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  4. Ok just read some other comments on here and it is good to know that I am not the only one bummed out uh movie reviews from some Catholic/Christian bloggers.

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    1. Yeah, you're not alone. Not at all.

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  5. My youth group kids have been talking about seeing Noah since it first hit previews, and have asked and asked to go as a group...so we are this weekend. My requirements were that their parents read a review I sent out before they signed the permission slip (especially since it is PG-13) and that the kids must read Genesis 6-9 before we go. I am looking forward to the lively discussion that we will have over icecream after seeing the movie. I think it is important to teach kids how to think about something like this movie, and to not take one look, review, or opinion and declare it all good or all bad. We miss out on a lot as Christians when we do that. Also, a thought provoking review that I read about Noah was written by Sr. Helena Burns. Didn't know if you saw this one, but it is worth a read: http://hellburns.blogspot.com/2014/03/movies-noah.html#.UzxGQleh1xA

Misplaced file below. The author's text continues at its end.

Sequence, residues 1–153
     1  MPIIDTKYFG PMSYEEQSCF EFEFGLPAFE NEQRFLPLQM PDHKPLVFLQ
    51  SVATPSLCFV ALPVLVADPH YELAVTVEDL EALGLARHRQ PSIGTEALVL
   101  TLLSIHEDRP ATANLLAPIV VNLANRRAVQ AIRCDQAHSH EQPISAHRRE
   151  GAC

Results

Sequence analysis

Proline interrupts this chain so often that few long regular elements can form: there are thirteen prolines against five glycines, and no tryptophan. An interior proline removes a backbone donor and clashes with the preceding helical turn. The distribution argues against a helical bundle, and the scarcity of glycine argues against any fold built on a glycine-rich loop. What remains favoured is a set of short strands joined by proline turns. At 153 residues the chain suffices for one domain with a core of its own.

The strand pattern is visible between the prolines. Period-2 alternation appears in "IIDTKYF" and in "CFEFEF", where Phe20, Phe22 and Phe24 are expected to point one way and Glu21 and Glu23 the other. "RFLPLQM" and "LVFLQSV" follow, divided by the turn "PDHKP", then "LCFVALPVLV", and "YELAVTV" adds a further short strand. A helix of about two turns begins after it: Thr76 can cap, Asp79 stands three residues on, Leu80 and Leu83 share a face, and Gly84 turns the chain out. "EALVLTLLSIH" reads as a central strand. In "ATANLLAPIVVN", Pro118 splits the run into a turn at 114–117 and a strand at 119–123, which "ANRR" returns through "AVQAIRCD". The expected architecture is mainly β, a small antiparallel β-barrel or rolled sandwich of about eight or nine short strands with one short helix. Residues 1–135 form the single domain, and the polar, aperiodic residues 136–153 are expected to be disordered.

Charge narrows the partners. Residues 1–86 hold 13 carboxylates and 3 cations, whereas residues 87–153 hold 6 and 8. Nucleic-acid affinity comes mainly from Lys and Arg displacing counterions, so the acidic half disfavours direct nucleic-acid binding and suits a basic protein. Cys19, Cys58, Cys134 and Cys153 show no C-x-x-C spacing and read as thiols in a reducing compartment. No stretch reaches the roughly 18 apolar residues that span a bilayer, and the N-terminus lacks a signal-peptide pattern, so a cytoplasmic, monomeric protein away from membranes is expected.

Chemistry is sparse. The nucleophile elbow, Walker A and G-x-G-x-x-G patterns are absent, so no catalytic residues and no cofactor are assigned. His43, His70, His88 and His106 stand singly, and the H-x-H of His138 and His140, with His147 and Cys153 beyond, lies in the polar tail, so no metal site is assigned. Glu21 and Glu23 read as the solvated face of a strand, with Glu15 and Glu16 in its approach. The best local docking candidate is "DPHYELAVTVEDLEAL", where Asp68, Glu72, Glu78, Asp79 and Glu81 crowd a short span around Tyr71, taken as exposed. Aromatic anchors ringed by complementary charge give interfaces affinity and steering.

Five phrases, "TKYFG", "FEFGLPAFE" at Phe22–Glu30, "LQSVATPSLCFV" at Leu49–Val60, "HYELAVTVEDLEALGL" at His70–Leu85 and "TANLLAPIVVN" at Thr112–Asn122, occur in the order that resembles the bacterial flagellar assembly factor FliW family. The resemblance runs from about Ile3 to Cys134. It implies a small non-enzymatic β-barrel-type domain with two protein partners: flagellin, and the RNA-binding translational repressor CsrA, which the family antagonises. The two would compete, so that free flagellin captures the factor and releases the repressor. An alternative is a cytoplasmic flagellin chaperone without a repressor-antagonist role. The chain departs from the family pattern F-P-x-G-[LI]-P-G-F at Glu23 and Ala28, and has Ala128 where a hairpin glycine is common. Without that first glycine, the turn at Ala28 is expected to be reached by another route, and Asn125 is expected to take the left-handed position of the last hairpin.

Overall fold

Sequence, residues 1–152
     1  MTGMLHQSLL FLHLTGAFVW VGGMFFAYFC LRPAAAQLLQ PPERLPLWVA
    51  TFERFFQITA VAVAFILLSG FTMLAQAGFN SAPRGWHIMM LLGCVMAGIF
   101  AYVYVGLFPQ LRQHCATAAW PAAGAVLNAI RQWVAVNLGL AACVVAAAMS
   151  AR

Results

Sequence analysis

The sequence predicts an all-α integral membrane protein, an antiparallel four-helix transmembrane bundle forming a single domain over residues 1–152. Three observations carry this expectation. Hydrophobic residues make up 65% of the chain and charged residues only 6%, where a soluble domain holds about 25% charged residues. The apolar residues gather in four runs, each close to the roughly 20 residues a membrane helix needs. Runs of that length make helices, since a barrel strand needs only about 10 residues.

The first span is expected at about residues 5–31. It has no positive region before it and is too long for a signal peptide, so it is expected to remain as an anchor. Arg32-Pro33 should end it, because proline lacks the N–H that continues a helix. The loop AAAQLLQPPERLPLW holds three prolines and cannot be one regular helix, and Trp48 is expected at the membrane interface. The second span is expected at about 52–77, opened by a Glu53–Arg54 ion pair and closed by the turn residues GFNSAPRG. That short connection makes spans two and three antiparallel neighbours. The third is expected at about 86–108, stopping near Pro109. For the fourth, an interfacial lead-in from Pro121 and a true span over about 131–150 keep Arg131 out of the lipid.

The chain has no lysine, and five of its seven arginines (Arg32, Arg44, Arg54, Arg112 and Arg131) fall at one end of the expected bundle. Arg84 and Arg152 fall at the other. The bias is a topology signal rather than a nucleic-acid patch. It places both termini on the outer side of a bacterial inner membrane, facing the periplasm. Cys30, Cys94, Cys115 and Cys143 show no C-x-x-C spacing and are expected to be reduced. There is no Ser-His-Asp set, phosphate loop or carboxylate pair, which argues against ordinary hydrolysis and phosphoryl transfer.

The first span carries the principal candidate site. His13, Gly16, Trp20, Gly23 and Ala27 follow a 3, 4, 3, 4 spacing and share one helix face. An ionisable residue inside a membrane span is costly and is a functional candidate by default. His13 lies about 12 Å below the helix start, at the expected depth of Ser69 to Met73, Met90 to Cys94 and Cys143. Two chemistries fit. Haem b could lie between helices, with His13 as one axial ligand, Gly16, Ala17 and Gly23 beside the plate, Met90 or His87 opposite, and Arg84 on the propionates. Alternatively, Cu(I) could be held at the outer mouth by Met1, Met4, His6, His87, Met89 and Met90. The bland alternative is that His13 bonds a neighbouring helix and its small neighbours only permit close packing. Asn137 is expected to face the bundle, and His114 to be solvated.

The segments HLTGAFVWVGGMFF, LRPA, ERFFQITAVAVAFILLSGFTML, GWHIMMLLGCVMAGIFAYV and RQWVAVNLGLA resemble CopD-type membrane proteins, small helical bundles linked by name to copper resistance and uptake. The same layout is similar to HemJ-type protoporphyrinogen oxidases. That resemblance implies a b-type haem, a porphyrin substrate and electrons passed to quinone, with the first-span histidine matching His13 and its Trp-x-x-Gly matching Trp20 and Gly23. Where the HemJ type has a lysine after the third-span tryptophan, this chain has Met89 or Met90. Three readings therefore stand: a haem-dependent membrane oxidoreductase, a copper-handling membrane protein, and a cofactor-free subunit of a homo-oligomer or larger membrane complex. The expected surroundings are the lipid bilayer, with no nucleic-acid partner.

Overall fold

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    1. I was just going to say, Sister Helena reviewed that movie and loved it. True confession: I don't know if it's something about my brain cells these days. It's certainly not the movie itself, but... I have WAY more interest in seeing the new Muppet Movie than Noah. There, I said it.

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  6. I'm looking forward to seeing this and appreciate your balanced review, Bonnie!

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  7. Just another reason why they call Satan "The Great Deceiver."